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Thursday, October 11, 2007

The End of Books?

According to The Guardian, ye olde brick-and-mortar bookstore is not long for this world. According to a survey at the Frankfurt Book fair [from SF Signal]:

Almost a quarter of the 1,324 industry professionals who took part in the survey predicted that the high street bookseller would no longer exist in 2057 while only 11% thought that the printed book would be obsolete.

Just a cursory reading of that stat sort of invalidates the scare headline "Short shelflife for booksellers, industry figures claim" , i.e. something less than 25% of industry figures claim. And that 11%? Yep, that's overwhelming. . .

I have a problem with printed book obsolescence. Information delivery technologies are only made obsolete by technologies that do exactly the same thing. Illuminated hand-written manuscripts were made obsolete by the printing press, but hand-drawn illustration was not made obsolete by photography. Not the same thing. CDs made LPs obsolete, but didn't kill cassette tapes. It took CDRs and MP3s to do that.

eBooks will not kill printing because
  1. books are cheap
  2. books do not require software maintenance
  3. books are permanent and stable storage devices that will be readable indefinitely
  4. books have no power requirements
  5. books can be transferred without concerns for hardware platforms or DRMS
  6. books are simple and straightforward to use without any training beyond basic literacy
  7. books do not require another, more expensive, device to read them
An eBook technology would have to overcome all these advantages of the printed book in order to make the printed book obsolete. IMO, some of these may never be overcome by the current model of eBooks, i.e. a device that plays something from storage media. That model works for music and movies, because that's the model that existed before. (i.e. I have some film, or a recording, and I stick it in some sort of player.) But books were never like that, they've always been a unitary device, self-playing. Adding a machine to "read" a book for you imposes a level of complexity that is not worth the trouble either economically or practically.

In order for eBooks to make the printed book obsolete, they would have to be comparably priced, self-reading (i.e. you purchase one object, you have the book) and free of most of the issues of obsolescence and power requirements of "traditional" eBooks.

Frankly, that might have to wait until after the singularity. . .

2 comments:

aeros51 said...

I agree that paper books will never be "obsolete" but then again, there are still people who buy and play LPs. The shift probably will not come until schools go all electronic for their textbooks and assignments. That will be the generation that will look upon paper books as we now view LPs. But, as you state, unlike LPs, the books still have utility just because it takes no other technology to use.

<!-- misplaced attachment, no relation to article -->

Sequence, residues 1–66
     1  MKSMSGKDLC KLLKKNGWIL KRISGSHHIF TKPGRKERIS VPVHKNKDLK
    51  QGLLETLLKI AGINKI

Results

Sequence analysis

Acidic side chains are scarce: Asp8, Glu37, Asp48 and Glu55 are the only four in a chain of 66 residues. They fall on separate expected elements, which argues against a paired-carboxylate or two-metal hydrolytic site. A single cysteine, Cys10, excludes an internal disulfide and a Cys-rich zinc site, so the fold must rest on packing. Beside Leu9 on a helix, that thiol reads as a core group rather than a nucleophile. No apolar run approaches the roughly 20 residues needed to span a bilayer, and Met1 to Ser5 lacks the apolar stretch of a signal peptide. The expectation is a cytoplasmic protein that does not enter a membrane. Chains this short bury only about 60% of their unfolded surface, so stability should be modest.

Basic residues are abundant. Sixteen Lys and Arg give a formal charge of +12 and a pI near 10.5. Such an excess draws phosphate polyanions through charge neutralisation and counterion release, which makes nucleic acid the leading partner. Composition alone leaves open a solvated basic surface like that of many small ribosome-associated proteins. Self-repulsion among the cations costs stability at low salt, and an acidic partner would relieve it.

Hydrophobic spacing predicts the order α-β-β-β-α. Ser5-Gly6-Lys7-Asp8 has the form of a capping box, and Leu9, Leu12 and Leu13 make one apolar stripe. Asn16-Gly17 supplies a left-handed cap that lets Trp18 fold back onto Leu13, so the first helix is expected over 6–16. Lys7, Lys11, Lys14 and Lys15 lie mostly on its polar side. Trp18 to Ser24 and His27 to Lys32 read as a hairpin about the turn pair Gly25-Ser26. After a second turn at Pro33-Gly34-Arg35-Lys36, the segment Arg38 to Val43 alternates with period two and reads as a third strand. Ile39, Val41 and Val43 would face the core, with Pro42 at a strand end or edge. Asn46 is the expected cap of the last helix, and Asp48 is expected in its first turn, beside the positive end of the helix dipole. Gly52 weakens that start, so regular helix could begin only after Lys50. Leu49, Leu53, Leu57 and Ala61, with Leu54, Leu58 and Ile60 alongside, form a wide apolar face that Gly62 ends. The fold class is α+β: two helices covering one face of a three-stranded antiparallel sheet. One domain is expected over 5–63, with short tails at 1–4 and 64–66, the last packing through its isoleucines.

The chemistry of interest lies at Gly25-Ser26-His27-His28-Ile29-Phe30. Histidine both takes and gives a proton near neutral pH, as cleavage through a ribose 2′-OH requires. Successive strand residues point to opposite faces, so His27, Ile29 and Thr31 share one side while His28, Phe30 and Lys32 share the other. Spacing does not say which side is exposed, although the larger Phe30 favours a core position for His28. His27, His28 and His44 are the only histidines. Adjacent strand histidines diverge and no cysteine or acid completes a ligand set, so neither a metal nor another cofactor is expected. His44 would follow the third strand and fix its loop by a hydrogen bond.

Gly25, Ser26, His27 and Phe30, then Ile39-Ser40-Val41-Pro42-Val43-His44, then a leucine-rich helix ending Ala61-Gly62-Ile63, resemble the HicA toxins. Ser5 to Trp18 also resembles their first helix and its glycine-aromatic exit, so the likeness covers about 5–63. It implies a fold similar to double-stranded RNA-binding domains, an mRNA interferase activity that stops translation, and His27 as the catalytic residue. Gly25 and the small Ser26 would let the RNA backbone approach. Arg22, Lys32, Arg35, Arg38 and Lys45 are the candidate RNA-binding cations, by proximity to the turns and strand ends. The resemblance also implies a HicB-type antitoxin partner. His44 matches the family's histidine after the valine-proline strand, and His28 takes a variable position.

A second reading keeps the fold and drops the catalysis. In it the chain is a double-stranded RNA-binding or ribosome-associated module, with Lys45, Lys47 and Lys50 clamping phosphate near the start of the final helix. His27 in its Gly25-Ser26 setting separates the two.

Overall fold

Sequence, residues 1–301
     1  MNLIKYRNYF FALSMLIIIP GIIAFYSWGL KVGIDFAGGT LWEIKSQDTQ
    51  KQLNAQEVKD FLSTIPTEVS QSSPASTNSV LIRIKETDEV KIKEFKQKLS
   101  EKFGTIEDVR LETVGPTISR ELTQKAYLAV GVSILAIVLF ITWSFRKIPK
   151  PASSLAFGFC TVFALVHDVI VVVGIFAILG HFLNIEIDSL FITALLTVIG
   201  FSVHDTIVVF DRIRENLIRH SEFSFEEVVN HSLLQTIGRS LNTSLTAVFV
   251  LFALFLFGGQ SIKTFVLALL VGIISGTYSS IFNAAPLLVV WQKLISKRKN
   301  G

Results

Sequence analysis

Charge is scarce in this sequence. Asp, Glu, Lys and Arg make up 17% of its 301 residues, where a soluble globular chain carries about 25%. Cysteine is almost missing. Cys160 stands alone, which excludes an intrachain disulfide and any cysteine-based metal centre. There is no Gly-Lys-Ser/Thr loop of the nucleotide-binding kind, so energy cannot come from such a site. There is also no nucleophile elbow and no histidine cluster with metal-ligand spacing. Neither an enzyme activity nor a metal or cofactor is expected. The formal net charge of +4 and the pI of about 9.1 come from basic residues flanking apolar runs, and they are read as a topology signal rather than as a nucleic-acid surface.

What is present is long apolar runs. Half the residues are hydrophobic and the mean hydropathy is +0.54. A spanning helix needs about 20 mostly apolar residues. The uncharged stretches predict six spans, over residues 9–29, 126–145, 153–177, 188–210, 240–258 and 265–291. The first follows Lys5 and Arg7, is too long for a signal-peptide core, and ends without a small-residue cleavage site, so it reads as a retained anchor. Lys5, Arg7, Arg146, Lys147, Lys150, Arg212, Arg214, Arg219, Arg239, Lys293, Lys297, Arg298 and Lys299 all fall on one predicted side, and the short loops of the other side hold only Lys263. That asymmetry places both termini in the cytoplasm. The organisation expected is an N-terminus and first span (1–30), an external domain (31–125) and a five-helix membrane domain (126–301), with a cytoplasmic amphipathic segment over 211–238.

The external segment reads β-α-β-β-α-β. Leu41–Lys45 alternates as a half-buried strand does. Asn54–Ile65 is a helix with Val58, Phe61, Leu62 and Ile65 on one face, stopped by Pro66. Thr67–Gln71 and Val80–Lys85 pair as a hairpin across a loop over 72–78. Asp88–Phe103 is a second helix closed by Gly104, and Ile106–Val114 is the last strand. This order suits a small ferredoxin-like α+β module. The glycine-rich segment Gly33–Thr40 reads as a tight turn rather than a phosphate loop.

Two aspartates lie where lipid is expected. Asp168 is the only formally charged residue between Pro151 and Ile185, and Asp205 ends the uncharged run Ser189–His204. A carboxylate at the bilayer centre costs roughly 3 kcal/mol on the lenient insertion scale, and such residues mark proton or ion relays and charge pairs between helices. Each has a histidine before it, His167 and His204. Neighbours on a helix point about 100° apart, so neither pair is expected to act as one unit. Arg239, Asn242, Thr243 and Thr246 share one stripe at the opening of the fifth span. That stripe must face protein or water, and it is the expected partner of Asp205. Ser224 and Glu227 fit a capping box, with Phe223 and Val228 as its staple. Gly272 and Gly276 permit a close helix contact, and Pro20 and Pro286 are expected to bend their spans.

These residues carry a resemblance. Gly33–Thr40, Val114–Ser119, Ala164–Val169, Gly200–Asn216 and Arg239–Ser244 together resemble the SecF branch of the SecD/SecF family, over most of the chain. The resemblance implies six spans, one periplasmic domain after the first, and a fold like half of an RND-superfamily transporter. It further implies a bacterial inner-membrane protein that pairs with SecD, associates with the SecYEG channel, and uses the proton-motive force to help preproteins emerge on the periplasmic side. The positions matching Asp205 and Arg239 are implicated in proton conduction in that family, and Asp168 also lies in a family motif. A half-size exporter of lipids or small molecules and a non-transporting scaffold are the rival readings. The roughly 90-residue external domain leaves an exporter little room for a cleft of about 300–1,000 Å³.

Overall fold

Sony has solved the power consumption problem, but their reader costs $300. It would be great for me, who likes to lounge around for hours at a time reading, but it's not worth $300 to me.

We would get rid of paper books if everyone was implanted with a Tetsami-like bio-electronic interface. I just don't see that happening all that soon.

Steve Buchheit said...

Yes. The death of printing has been coming for nealry two decades now. While printing and design have certainly undergone much upheaval and change, we're still putting ink on paper.

There's so much about the printed page that is ignored by those who talk about it's demise. The interface for one thing. There was a video circulating about tech support for books. This isn't all that far fetched or jokey as it sounded. Bound books are very technical, and how we interface with them is exceptionally well integrated into our brains. These things are not by chance, just examine different cultures and their experience with printed material and you can see just how unique the printed page is. Okay, so I'm a graphic designer by training, but that allows me to see these things. It's my stock and trade.

Printed pages are viewed by the brain very differently than on-screen images. I don't think even when kids are brought up on electronic texts that it'll really interfer with printed books, because the processing is different. e-ink has the best chance of supplanting ink on paper because of how it mimics the various affects ink on paper has, but it ignores the human-interface issues that books have.

My last point here will be that as a designer I have done many catalogs for highly technical subjects. Every one of these catalogs has had an online companion, and everytime were would produce a new print catalog I would hear the cannard that this would be the last one because the online version would supplant the printed piece. Well, I would work through with their website people the various interface issues of how people use their catalog. They never got what I was talking about. I would explain that if you knew what you were looking for, say to re-order a specific product, an online catalog was the perfect thing. However, if what you're doing is a first order, or trying to find a product that matches to several data points and then working through the options for other data points that aren't as critical, but could be important to the final decision, nothing works better than a printed book.

It's how our minds work. It's part genetics, part learned behavior, and partly how our enviroment contributes to how our brains get wired.